In this current neoliberal climate, why is teacher attrition rates growing and retention rates are decreasing within England?.
Below are some of the thoughts behind the research
The shifting emphasis from the needs of the teacher and children to the management of image (how the school looks to the community) in neoliberal times (Ball, 2010) is the impetus for this study. This study also seeks to understand the links between the way the system currently is and the capacity of looking at studies of resilience impacting attrition and the data from questionnaires and interviews etc, to understand the links between current political agendas and the professional experiences of teachers, to identify the commonalities/tensions between the macro and micro levels of the profession to further understand what is really going on with a view to suggest improvements.
The consequences of uncharacteristic amounts of stress on the teaching populace are various. In singular terms, the impacts are clear and can incorporate harm to physical and emotional wellness, confidence and individual connections (Howard and Johnson, 2004). From an economic point of view, stress-related teacher attrition results in a huge loss of government investment (Gibbs and Miller, 2013). Overly stressed teachers are then likely to become increasingly less effective as their morale and commitment worsen, and so pupils’ education may also be adversely affected (Day et al., 2006. As Kyriacou (1987, p.147) cautions, 'stress and burnout may essentially debilitate the working relationship a teacher has with his[/her] students and the nature of teaching he[/she] can display.'
One aspect of individual subjectivity often mentioned as a means to combat stress is resilience. Resilience is a multidimensional, socially constructed concept and can be enhanced or inhibited by the nature of the setting in which we work, the people with whom we work and the strength of our beliefs or aspirations as a dynamic within a social system of interrelationships (Benard, 1995, Luthar et al., 2000) Resilience should not primarily be associated with the capacity to “bounce back” or recover from highly traumatic experiences and events as one thought but, rather, in the case of Education and other similar contexts can look at the capacity to maintain equilibrium and a sense of commitment and agency in the everyday worlds in which teachers teach (Mansfield et al. 2012).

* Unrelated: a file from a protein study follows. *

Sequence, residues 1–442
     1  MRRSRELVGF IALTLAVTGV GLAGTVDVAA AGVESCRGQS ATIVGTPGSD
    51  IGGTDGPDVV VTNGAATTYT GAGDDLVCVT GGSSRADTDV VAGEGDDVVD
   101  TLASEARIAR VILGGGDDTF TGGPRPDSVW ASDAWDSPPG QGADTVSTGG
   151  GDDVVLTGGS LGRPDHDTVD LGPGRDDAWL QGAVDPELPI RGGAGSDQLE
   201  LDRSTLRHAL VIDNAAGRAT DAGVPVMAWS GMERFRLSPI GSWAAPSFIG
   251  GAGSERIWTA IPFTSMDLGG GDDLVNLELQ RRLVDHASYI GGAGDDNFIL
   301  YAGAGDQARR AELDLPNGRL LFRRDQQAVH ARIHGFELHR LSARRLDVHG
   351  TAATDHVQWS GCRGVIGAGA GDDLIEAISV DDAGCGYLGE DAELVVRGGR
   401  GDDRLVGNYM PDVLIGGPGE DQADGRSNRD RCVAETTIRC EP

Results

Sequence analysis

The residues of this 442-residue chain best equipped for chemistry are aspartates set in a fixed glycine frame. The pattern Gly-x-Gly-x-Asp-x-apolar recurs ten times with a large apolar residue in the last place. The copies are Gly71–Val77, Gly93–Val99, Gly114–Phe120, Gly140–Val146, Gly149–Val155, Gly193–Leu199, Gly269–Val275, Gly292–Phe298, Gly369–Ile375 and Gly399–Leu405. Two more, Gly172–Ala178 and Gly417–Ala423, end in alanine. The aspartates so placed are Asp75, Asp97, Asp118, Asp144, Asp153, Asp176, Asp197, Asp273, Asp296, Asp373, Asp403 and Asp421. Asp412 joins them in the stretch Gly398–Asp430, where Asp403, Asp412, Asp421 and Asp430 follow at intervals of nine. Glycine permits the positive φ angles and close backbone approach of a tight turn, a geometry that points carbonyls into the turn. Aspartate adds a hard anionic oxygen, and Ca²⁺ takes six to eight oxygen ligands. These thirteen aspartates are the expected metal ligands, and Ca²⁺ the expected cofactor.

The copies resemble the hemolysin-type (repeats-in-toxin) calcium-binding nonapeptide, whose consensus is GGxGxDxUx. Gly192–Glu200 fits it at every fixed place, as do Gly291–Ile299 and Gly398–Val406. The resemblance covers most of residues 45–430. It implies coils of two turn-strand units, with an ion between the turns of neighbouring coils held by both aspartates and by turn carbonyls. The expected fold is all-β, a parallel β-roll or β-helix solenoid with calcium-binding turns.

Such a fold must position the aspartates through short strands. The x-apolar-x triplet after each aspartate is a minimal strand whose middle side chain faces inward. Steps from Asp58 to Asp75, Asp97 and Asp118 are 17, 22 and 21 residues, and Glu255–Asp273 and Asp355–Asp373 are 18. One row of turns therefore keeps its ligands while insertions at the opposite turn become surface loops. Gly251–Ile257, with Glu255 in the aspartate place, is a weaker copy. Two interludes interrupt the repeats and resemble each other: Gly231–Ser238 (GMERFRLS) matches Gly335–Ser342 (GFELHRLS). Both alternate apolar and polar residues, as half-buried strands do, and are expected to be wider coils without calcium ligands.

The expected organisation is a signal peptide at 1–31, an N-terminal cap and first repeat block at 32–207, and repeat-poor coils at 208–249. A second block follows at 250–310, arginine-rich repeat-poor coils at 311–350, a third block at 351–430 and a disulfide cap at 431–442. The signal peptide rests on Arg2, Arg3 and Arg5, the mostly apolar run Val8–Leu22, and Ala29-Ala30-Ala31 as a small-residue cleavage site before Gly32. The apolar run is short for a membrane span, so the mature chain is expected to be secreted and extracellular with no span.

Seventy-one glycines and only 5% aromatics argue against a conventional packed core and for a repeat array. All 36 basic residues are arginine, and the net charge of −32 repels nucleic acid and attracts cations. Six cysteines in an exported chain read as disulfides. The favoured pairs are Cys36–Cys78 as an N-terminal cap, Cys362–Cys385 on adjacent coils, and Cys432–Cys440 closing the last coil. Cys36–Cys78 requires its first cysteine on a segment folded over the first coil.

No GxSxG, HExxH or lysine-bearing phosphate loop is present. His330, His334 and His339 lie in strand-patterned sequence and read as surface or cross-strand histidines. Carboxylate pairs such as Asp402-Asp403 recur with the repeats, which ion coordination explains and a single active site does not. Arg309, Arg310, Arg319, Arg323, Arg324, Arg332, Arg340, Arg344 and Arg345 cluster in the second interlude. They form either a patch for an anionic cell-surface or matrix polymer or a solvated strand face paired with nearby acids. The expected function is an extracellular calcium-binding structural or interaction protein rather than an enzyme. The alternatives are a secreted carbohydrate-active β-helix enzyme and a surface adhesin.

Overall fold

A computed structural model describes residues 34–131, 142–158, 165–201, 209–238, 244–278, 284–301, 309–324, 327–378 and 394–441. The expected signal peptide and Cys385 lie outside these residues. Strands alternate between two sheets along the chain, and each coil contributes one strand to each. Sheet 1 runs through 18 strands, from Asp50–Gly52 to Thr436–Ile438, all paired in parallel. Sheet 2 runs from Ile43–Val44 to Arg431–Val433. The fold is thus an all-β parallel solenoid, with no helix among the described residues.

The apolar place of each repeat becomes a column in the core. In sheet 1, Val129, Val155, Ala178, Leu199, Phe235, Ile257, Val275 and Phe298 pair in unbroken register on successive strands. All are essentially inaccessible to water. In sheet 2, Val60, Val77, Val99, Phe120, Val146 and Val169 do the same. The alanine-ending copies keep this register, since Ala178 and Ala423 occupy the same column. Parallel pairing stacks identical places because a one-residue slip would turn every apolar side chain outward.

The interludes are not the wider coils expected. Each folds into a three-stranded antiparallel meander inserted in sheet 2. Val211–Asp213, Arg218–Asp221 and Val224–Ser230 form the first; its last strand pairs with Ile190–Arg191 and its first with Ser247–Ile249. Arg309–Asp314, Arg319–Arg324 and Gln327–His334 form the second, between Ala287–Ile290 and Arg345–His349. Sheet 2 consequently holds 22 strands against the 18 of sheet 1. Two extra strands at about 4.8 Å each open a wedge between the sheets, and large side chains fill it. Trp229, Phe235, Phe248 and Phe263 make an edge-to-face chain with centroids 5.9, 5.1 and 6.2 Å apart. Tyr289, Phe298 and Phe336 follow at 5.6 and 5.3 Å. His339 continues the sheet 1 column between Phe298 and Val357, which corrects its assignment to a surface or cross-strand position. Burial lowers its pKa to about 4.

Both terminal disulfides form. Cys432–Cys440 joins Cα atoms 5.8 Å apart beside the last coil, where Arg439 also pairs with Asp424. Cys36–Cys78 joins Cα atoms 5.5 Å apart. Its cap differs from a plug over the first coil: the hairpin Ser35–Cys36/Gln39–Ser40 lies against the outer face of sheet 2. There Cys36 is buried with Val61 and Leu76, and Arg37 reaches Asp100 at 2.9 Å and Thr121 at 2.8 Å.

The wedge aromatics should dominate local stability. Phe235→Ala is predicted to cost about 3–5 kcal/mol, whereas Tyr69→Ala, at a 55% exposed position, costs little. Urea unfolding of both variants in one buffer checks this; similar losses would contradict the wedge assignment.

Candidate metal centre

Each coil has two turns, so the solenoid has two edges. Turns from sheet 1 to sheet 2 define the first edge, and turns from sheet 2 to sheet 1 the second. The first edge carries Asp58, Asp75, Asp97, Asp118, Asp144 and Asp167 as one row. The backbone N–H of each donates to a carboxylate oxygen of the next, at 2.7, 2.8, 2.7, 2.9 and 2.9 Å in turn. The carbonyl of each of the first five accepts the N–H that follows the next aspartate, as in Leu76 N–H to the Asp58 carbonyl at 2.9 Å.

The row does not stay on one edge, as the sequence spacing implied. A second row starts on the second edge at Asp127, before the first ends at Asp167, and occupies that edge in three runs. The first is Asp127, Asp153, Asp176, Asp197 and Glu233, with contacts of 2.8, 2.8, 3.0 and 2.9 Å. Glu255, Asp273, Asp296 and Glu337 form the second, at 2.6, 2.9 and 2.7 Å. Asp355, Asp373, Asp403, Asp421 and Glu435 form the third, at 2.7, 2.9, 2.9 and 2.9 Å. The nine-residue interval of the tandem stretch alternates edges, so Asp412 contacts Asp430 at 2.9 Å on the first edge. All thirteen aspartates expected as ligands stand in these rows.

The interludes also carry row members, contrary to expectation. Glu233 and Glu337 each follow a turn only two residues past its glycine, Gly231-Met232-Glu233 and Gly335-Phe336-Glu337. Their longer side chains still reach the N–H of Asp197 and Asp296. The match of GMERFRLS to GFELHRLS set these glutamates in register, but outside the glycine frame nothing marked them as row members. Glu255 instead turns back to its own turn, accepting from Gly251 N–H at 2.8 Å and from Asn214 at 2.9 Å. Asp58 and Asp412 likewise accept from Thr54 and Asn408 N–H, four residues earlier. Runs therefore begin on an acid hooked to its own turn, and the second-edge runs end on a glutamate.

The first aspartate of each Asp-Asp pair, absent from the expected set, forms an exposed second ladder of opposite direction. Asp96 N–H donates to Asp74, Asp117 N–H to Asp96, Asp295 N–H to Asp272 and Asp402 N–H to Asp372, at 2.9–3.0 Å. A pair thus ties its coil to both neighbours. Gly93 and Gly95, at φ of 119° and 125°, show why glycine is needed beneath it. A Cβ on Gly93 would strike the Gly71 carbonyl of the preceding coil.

This study rejects an individualised notion of resilience as a personal disposition, but I seek to problemetise the concept to consider the outside influences on the levels of resilience impacting teacher attrition shown in particular circumstances.
‘Resilience, however, should be seen as a relational dynamic and resilience resides not in the individual but in the capacity for connection’ (Jordan, 2006, p73). Our brains’ robust ability to change enables people to rework back into healthy connections, achieve more secure attachment and through this, ‘begin to shift underlying patterns of isolation and immobilisation’ (Jordan. 2006, p74). In sociology, anthropology, and linguistics, structuralism is the methodology that implies elements of human culture must be understood by way of their relationship to a broader, overarching system or structure. It works to uncover the structures that underlie all the things that humans do, think, perceive, and feel (Blackburn 1999) i.e. in this context why they are leaving the profession. Thus, pointing to my theory that attrition is related to resilience and comes from the micro, meso and macro areas and can be tackled and eased by the intervention.
Toxic cultures, for example within schools, may devalue our need of others and impedes our ability to turn to them for support in distress (Samier & Milley 2018; Wang 2018) and they challenge ‘our capacity to form supportive and resilience building relationships’ (Silva et al. 2018, p256). These arguments give impetus to investigate resilience critically with a view to improving the resilience and well-being of teachers. A caring relation is, ‘in its most basic form, a connection or encounter between two human beings i.e. a carer and a recipient of care, or cared for’ (Noddings, 2005). A trusting relationship is ‘cultivated’, ‘a matter of human effort’ and thus ‘never something already at hand’, ‘it can and often must be conscientiously created, not simply taken for granted’ (Solomon and Flores, 2001, p87). Bonding social capital is for the improvement of organisational efficiency (Putnam, 1995; Hargreaves and Fullan, 2012). This adds further to my theory that improved or extended mentoring and CPD can go some way to solve the issues of teacher attrition and retention. From the perspective of 'the market is everything' this would be neoliberalism, but coming from the perspective of the community. Whereby, the community of teachers comes together to carry out CPD for the good of the community/school.